The golf course at Fall Creek Falls State Park has achieved designation as a "Certified Audubon Cooperative Sanctuary" through the Audubon Cooperative Sanctuary Program for Golf Courses. Course Superintendent Wayne Belew led the effort to obtain sanctuary status on this course and is being recognized for Environmental Stewardship by Audubon International. Fall Creek Falls State Park Golf Course is the 10th course in Tennessee and the 761st in the world to receive the honor. "Fall Creek Falls State Park Golf Course has shown a strong commitment to its environmental program. They are to be commended for their efforts to provide a sanctuary for wildlife on the golf course property," said Jim Sluiter, Staff Ecologist for the Audubon Cooperative Sanctuary Programs." To achieve Audubon Cooperative Sanctuary certification, a golf course must demonstrate that it meets specific criteria in the areas of environmental planning; wildlife and habitat management; outreach and education; chemical use reduction and safety; water conservation; and water quality management. The course was commended for using biologicals as alternative pest controls, deploying extensive vegetative buffer plantings, protecting wetland water quality and using required chemicals in a way that protects ground and surface water. “People come from all over the country to see the land forms and exceptional water features of Fall Creek Falls,” said Head Golf Professional Billy Maxwell. “It’s great that we can enrich their experience by providing a sanctuary for wildlife on the course and manage these landscapes in ways that protect waters as they flow across park to eventually reach one of the highest falls in the United States.” The Audubon Cooperative Sanctuary Program, which is endorsed by the U.S. Golf Association, provides information and guidance to help golf courses preserve and enhance wildlife habitat and protect natural resources. Golf courses throughout North and Central America, Europe, Africa, Asia and Australia have achieved certification through this program. For more information on golf and the environment, visit www.golfandenvironment.org.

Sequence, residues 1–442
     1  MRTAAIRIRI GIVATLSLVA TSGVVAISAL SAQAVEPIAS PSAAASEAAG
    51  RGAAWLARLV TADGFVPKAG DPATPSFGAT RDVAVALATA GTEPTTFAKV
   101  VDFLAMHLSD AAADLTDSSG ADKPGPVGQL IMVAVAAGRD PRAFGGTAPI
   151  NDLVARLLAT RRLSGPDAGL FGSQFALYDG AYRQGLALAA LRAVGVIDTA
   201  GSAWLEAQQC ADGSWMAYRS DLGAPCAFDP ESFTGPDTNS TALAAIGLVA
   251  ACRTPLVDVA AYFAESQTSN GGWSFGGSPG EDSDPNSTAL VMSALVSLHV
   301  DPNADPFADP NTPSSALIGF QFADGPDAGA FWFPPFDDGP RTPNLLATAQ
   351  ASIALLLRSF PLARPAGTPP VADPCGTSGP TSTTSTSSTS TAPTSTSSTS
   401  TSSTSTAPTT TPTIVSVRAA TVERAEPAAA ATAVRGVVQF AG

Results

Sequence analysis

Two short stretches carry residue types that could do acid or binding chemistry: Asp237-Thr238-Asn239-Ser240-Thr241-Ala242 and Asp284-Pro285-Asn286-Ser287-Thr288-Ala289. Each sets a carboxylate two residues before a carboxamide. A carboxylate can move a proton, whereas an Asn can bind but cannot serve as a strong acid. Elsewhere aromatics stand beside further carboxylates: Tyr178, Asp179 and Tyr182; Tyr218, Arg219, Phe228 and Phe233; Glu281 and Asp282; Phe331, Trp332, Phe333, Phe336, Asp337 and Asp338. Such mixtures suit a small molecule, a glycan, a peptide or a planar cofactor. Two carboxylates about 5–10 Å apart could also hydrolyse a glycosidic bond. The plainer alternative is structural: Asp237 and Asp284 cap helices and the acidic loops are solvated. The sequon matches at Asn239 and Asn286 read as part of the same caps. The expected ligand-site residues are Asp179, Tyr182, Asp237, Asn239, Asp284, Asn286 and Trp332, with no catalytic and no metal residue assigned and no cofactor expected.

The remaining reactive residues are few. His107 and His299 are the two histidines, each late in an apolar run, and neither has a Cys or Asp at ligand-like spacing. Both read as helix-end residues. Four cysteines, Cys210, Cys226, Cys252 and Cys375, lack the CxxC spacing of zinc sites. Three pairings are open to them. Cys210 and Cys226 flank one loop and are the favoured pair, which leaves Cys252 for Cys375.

Paris Landing named Groundwater Guardian Green Site